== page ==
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Thailand's Anti-government Protesters Vow to Sabotage Elections

In Thailand, anti-government protesters are ramping up their efforts to disrupt this weekend’s general election.  They wanted a postponement, but Prime Minister Yingluck Shinawatra refused. Here’s NHK.


Reporter:

Yingluck met with members of the electoral commission. They urged her to put off the poll something that Thai constitutional court ruled would be legal. They said a fair election is unlikely given the current situation, but the prime minister didn’t agree. So the vote will go ahead. Demonstrators are vowing  to stop it. Already they’ve been sabotaging absentee voting.  They want Yingluck to resign because they feel her brother, exiled former Prime Minister Thaksin Shinawatra, exerts too much influence.  Protest leader and former deputy prime minister, Suthep Thaugsuban, denounced Yingluck for ignoring the will of the people.


Suthep Thaugsuban:

We must continue the fight. And expand our protests to topple the Yingluck’s government.


Reporter:

Suthep called on demonstrators to surround the offices of security authorities. The government declared a state of emergency last week for Bangkok and the surrounding area to maintain security ahead of the election.

 

 
 

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Could This Japanese Solution Provide Millions of Asians with Clean Water?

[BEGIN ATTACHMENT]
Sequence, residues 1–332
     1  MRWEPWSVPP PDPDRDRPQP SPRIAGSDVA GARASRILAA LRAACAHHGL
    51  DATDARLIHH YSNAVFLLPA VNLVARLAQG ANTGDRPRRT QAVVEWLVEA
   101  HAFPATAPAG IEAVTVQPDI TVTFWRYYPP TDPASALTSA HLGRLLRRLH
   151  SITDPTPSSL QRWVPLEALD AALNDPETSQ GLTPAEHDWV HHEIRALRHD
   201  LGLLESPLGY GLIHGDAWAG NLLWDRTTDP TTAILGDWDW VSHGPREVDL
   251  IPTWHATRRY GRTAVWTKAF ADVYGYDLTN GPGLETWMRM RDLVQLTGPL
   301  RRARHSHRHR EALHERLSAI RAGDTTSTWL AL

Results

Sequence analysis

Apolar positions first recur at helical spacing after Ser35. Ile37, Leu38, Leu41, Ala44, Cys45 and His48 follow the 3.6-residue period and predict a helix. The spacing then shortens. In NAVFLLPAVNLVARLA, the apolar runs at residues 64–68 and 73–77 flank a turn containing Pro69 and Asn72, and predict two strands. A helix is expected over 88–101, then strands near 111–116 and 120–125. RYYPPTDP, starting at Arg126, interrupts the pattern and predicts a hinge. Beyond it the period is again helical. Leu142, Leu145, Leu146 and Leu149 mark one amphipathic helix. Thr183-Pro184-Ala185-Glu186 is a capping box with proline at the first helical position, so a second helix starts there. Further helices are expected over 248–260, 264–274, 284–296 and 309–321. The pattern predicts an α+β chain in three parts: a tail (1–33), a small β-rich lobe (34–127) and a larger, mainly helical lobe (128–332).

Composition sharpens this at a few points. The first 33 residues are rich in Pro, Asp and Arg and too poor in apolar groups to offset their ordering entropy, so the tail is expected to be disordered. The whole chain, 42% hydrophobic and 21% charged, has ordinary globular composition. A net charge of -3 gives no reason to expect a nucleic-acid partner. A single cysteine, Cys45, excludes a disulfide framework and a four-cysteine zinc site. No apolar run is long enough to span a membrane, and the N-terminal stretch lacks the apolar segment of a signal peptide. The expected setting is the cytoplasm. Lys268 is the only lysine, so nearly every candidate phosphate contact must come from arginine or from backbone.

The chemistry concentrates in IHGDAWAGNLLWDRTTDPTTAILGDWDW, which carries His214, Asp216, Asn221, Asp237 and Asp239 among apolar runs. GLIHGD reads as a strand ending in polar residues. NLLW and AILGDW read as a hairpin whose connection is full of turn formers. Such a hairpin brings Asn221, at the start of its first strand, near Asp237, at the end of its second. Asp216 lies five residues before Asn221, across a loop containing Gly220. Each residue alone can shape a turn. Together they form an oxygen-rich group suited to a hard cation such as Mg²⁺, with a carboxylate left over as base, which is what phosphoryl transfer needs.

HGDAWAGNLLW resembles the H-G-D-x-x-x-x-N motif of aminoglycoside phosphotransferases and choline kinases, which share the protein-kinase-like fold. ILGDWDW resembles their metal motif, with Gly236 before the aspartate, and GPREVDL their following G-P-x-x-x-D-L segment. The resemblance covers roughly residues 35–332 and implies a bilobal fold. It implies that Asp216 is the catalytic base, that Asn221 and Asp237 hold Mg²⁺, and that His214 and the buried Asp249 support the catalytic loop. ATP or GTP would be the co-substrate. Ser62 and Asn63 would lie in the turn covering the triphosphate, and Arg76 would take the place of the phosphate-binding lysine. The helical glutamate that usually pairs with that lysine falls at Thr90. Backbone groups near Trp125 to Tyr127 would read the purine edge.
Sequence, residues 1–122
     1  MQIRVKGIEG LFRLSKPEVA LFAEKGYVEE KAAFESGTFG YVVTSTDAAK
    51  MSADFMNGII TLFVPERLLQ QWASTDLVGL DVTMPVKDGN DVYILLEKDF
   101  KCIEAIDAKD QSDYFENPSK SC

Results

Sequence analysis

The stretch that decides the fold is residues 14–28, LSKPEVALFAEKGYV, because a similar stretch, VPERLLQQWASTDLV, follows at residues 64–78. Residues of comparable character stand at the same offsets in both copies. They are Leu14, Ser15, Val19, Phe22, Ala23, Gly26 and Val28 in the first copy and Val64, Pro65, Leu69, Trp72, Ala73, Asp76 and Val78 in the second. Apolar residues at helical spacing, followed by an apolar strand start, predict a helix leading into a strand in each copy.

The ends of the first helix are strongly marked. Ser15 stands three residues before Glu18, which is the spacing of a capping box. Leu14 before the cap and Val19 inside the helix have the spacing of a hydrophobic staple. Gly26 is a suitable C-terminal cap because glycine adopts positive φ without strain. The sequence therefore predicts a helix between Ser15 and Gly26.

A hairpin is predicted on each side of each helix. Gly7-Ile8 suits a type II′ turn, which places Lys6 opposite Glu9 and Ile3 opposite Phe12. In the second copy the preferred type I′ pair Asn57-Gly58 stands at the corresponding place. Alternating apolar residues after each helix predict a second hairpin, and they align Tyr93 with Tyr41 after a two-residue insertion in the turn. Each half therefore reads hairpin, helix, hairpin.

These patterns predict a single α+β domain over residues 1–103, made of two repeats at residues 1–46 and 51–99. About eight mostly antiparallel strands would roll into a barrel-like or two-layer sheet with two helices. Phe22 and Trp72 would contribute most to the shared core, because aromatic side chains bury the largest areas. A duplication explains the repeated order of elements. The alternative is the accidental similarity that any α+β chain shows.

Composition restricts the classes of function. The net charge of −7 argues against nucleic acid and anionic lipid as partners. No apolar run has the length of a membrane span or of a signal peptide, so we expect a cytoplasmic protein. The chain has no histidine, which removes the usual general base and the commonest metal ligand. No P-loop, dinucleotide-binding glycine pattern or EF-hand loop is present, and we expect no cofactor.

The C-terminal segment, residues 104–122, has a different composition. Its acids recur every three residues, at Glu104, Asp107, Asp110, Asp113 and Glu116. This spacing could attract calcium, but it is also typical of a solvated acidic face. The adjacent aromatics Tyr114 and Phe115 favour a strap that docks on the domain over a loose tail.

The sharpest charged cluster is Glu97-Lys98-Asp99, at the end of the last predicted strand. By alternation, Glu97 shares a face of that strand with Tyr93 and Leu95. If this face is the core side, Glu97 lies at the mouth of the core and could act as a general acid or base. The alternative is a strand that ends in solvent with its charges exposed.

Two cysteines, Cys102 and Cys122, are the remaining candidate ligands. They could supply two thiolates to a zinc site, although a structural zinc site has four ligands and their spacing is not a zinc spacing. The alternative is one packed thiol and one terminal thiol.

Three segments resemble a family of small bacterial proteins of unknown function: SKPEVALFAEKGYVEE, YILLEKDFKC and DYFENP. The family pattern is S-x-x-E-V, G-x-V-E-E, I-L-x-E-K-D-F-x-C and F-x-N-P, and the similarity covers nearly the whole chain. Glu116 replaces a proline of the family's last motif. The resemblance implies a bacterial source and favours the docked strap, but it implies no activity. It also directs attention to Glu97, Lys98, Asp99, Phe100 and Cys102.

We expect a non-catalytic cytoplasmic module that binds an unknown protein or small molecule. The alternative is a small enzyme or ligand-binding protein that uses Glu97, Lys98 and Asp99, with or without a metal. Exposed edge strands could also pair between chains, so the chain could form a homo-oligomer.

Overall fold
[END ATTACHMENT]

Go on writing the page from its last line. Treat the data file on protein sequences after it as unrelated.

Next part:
And now to a problem that's affecting hundreds of millions of people in Asia. More than 650 million don't have clean water to drink. A city in Japan says it has a solution. Here's NHK with the story.


Reporter:

Regional municipalities operate almost all the water work systems in Japan. The city of Kitakyushu in western Japan provides clean tap water to the city’s 490-thousand households. The city developed a water-purifying machine with the private company 15 years ago. Micro-organisms attached to activated carbon dissolve the pollutants. The machine is half the price of other technologies. It uses less chlorine to disinfect the water. Kitakyushu officials started promoting the technology with private firms from 2010 to emerging economies in Asia.


Kazuya Kubata, Waterworks Bureau:

Kitakyushu has a long history as a city of technology and manufacture. It's our mission to take  action. That’s something we must do.


Reporter:

Kitakyushu officials are now turning their attention to Vietnam. Haiphong is the country’s third biggest city. Raw sewage and industrial wastewater is discharged into rivers. The river water is purified for use in tap water by adding lots of chlorine. But that combination can generate harmful substances. Citizens boil tap water for drinking and cooking. They want clean water that their children can safely drink.


Parent:

I don’t feel safe using tap water. I feel uneasy. Because I have small children. But I don’t have any other choice.


Reporter:

Kitakyushu officials told their counterparts at the Haiphong Water Authority about their water purification technology. The Vietnamese officials liked what they saw and decided to start using the Japanese system. It went into operation last month.

The Haiphong officials based their decision on low cost of the Japanese system and the fact that it uses less chlorine. The machine succeeded in eliminating most of the pollutants.

The Japanese system has caught the attention of officials in Ho Chi Minh, Vietnam’s biggest city.

They started testing at this month. That could lead to a deal worth almost 20 million dollars. Seven other Vietnamese cities have also asked Kitakyushu officials to do on site service.


Ho Chi Minh City water official:

Providing people safe water supply is one of our biggest goals. I hope their technology will bring us good results.


Kazuya Kubota: